Technically I agree with Mr. William’s assertion that broadband services (Internet access and video services) are not a necessity…currently. Sending and receiving e-mail or posting the satisfaction of your latest latté are not necessities nor are they guaranteed in our Constitution. Then again neither is health care, but it now considered a human right so the current administration saw it fit to make sure that every citizen has it.
Electricity was not considered a necessity at the beginning of the twentieth century, but many communities saw its utility to stimulate their economy. Now electricity IS a necessity because there are several life-sustaining devices that require electricity to operate. Citizens subsidize the rates of the poor and elderly to provide them electricity. Telephone service suffered the same fate. It transformed from being a luxury to a matter of public safety; thus, the Universal Service Fund.
Now we are undergoing the same debate on broadband services. We are at the point on the adoption curve where it is going beyond a toy for nerds and geeks to playing a vital role in the economic vitality of a community. The economic and social benefits of broadband services are well documented which bring it beyond the point of being called a luxury for the rich. Communities should decide on the local level whether they would like to expend funds to build a broadband network if they feel that the incumbent service providers are not doing a satisfactory job. Remember that much like water, roads, sewer, and electricity, the market for broadband services is not typically competitive in most communities. There are typically one or two different service providers in a community.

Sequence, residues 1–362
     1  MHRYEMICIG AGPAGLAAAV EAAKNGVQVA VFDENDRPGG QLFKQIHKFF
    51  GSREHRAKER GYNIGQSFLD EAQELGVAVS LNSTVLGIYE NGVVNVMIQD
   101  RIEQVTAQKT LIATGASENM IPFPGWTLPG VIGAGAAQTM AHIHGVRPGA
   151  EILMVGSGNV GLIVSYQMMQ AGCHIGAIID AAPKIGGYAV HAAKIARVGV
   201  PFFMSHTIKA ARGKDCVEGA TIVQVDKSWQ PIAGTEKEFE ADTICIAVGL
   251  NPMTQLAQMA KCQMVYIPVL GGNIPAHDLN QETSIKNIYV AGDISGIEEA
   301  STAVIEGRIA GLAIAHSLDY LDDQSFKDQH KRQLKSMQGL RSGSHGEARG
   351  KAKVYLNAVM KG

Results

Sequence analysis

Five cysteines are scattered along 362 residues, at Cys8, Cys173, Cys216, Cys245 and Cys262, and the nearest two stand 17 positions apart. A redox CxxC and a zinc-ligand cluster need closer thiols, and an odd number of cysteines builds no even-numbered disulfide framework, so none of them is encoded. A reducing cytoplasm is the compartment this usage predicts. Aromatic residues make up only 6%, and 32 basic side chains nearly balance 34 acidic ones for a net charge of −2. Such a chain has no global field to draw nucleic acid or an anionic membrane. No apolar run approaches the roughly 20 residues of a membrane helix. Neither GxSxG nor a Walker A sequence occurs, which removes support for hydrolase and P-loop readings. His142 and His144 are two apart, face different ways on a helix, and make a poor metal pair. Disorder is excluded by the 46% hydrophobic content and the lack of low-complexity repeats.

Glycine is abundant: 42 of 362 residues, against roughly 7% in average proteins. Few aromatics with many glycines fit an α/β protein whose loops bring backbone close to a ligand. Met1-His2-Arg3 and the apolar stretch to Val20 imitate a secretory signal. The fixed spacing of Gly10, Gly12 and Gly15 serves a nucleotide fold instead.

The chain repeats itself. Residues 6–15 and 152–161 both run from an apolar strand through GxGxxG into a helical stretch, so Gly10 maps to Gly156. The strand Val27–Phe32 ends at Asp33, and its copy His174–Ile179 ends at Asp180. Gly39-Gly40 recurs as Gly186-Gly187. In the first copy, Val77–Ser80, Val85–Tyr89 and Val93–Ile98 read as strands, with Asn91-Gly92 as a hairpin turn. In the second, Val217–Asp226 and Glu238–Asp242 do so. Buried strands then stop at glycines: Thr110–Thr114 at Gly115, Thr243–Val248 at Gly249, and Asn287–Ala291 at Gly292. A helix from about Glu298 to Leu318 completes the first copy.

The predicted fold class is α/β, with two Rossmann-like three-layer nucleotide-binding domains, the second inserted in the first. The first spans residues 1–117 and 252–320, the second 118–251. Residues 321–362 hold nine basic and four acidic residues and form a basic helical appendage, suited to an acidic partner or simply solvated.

Many communities are struggling to keep businesses and citizens in their community. They seek ways to drive economic activity and a good broadband network is one way to accomplish that goal. The most successful communities in this endeavor are not actually providing services, but offer open-access to any service provider that wants to sell services in their community. The service provider purchases access from the municipality which supports the operation, maintenance, and growth of the networks. Some communities are even seeing a net positive flow into their general fund; therefore, building a broadband network can be done without wasteful government spending. Before you know it, broadband networks will be necessity for the health, eduction, and safety of its citizens.
BroadbandBreakfast.com Staff, BroadbandBreakfast.com
WASHINGTON, July 29, 2010 – Speaking in a webcast by the Broadband Policy Series this afternoon, David Williams of Citizens Against Public Waste said that there “wouldn’t be any circumstances in which government should step in” where community broadband is concerned. According to Williams, even when local governments step in, there tends to be a centralizing process by which one locality wants the same services as another locality, thus evolving the process to a Federal level.
“You get that spiraling ladder where everyone wants what everyone else has,” Williams said.
Williams also directly assailed one of the assumptions underlying the National Broadband Plan – namely, that broadband was required as a necessity in the modern economy. “Broadband is not a utility. It is a luxury, it is not a necessity for towns or households,” Williams said. “I would absolutely disagree [with the assessment of the National Broadband Plan].”
The comments, which came after a brief interview with Rep. Rick Boucher (D-VA), sparked a heated discussion among the panelists, most of whom disagreed with Williams’ position on universal access.
“The notion that broadband isn’t a necessity is not going to work anymore,” said Harold DePriest of Chattanooga Electric PoweR Board. “If we’re going to compete with the world, broadband is going to have to be a utility.”
Christopher Mitchell of the Institute for Local Self-Reliance agreed. “I would echo the comments about this being a necessity. We can stipulate that there are people who do not need broadband. There are probably people who’d be fine without households. But for a community to succeed in this time, they need broadband. From a community perspective, it’s absolutely a necessity.”
Mitchell also dismissed concerns about public sector community broadband providers crowding out private sector competition. “How many millions of dollars have libraries robbed Borders and Barnes and Noble?” Mitchell asked.
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